At the turn of the twentieth century, Bay Ridge was growing. The subway wouldn’t open for another 16 years, but the idea had already been introduced, and with it had come a coincident if speculative building boom, as the old farms and fields began to be cut up into house-sized lots, to accommodate future underground commuters. The neighborhood needed basic infrastructure to meet the needs of its swelling population: not just fast and reliable transportation, but also schools, sewers, roads and hospitals.
“The hospitals that have supplied this vicinity known as Bay Ridge, Fort Hamilton, Dyker Heights, Bath Beach, Bensonhurst and Coney Island, in the past have long been overcrowded,” a Bay Ridge-hospital advocate told the Brooklyn Eagle in April 1899. “Here is a popular section of the city containing a population of 30,000 people and during the summer months it approaches 100,000, with over twenty churches, many schools and no hospital.” (The Norwegian Hospital, founded in 1883 on William Street, in Red Hook, had moved to 43rd Street and Fourth Avenue by 1890. It was the precursor to today’s Lutheran Hospital. Also, ambulance service was available from Coney Island in the summertime.)
John Beet—a civically involved developer, as far as I can tell—donated the use of his house, on Sixtieth Street, near Second Avenue, as a healthcare facility. The Kent brothers, Edward and Henry, had famously built matching castle-like homes in the neighborhood, and Beet’s was their third, originally built by Henry for his daughter, Susan. (It’s unclear if this was also a castle, though it was described as a “mansion.”) Beet would donate its use for at least five years, and the hope was it would be “superseded by a large brick structure with all the conveniences and appliances of the most complete of modern hospitals.” Think of the Cinemax series The Knick, set at the same time.
It took another year to secure the basic financing, at which point supporters of the Bay Ridge Hospital, Dispensary and Training School for Nurses thought it could be open within two months. But it was not until May 1, 1906—seven years almost to the day since the announcement of securing the Beet mansion—that the dispensary opened, “the only branch of the institution now ready for use,” the Eagle reported, though the paper again predicted the hospital proper might be open by that autumn. (A dispensary was, basically, a free clinic.)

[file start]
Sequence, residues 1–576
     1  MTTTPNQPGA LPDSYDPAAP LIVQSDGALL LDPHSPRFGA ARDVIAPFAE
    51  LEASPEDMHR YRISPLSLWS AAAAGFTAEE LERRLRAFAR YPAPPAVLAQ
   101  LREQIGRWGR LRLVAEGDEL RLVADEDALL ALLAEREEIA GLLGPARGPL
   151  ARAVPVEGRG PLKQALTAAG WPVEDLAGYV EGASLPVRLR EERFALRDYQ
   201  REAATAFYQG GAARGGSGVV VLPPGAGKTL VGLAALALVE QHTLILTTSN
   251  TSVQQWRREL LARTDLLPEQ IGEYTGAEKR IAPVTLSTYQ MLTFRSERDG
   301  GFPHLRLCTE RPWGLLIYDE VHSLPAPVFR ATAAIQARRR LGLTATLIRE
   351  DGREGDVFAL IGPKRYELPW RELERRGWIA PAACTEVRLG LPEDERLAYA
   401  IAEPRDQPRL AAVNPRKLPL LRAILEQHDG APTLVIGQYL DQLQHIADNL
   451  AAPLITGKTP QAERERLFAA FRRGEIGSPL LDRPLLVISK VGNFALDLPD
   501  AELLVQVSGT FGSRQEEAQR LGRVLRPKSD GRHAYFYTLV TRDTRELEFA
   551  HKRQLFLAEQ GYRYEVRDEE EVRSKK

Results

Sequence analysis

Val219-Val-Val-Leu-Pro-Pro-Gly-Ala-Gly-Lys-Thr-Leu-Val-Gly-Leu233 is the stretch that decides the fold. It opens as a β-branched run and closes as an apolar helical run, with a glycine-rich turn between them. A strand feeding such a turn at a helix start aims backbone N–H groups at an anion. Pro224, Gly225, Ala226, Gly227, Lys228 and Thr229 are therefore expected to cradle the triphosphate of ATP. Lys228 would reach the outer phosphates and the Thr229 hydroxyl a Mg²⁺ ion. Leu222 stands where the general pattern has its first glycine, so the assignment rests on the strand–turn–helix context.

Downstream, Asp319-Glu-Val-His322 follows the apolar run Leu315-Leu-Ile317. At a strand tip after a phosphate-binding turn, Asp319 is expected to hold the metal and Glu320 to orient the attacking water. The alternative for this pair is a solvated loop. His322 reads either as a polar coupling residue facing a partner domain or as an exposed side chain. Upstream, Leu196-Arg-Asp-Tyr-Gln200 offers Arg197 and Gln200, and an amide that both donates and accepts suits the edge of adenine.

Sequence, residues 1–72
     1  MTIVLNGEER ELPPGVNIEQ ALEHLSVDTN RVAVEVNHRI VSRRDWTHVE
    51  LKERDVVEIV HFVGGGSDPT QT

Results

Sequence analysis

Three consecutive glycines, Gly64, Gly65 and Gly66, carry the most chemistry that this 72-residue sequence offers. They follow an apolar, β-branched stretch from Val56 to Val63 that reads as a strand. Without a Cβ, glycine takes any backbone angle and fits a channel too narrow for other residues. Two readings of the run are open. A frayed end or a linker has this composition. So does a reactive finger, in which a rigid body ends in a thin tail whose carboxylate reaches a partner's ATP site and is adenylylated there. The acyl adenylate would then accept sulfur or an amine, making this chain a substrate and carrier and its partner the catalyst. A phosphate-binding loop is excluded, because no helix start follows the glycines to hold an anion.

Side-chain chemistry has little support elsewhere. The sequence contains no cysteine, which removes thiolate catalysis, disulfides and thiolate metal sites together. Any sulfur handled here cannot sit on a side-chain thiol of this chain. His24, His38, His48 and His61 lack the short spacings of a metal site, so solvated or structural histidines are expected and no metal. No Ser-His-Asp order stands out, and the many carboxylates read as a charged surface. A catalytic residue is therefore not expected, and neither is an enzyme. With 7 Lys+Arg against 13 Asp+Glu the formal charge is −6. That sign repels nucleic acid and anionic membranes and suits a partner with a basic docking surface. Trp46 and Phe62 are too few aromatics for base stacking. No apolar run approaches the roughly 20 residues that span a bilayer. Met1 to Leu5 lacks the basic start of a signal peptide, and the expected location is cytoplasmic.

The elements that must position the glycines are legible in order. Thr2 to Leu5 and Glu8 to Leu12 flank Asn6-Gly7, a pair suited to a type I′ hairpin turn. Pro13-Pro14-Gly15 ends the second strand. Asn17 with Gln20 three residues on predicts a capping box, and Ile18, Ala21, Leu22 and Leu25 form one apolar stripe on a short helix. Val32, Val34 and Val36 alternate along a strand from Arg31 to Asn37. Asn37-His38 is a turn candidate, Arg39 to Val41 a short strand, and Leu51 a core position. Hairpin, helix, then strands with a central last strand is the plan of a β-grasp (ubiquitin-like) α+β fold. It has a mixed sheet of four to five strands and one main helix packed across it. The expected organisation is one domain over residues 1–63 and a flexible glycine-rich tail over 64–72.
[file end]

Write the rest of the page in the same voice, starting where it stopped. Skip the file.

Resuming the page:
By January 1908, however, still only the dispensary was open. “Since the opening,” the Eagle reported, “a large number of patients have been successfully treated and much good accomplished.” But the hospital directors weren’t thrilled with the location, just less than a mile from Norwegian Hospital and “so far away from the south end of Bay Ridge that often much valuable time is lost in getting a patient removed,” the Eagle added.
Believing that the section south of Seventieth street, between the waterfront and Fourteenth avenue[,] is destined to become truly metropolitan in the course of the next few years, and convinced that the population is bound to grow accordingly, [citizens of Bay Ridge and Fort Hamilton] pledged themselves to give all the support that lay in their power to further the cause of a new hospital in that section.
Niels Poulson, a noted resident of the area, is best remembered for his home on Shore Road, between 88th and 89th streets, which was made of copper, theoretically indestructible, at least until the wreckers and their “relentless acetylene torches” got to it in 1931. Poulson died in May 1911, and left parts of his fortune to various local organizations, including $10,000 (very roughly, almost $250,000, adjusted for inflation—either a low cost or the Eagle missed a zero) to the Bay Ridge Hospital, which used the windfall to acquire land in the southern reaches of the neighborhood for a new hospital—at the corner of 92nd Street and Seventh Avenue, where in November 1913 the hospital association purchased 18 lots.
“The directors…decided upon this location because they believed that the institution will be in a central position for service in not only Bay Ridge and Dyker Heights, but [also] Fort Hamilton and Bath Beach,” the Eagle reported. Work was to begin immediately on a temporary dispensary, as the current one “is wholly inadequate for the present demands placed upon it. Over 10,000 free patients were treated last year…and the number to be taken care of is constantly increasing” (though it’s unclear if that dispensary were ever actually built).
The 60th Street clinic, in its 13 years or so of existence, served thousands of people every year, even though it was usually open only one or two hours a day. Patients were charged either nothing or a nominal fee of 10 cents ($1.50-$3, adjusted for inflation, depending on the year). “The dispensary is not a city institution,” the Eagle explained in 1917, “and is supported entirely by voluntary contributions and the members of the corporation.” It was free or truly affordable healthcare for those who couldn’t otherwise afford it, paid for by those who could—with civic pride.
Bay Ridge’s population continued to grow, and supporters were excited about the new site, which “will be an ideal one,” the Eagle later reported. “It overlooks the lower Bay, is situated on high ground, and is one of the most accessible in the whole of the district to be cared for. It is midway between Bath Beach and Bensonhurst and the Bay Ridge and Fort Hamilton section and therefore of sufficient nearness to serve all the surrounding territory.”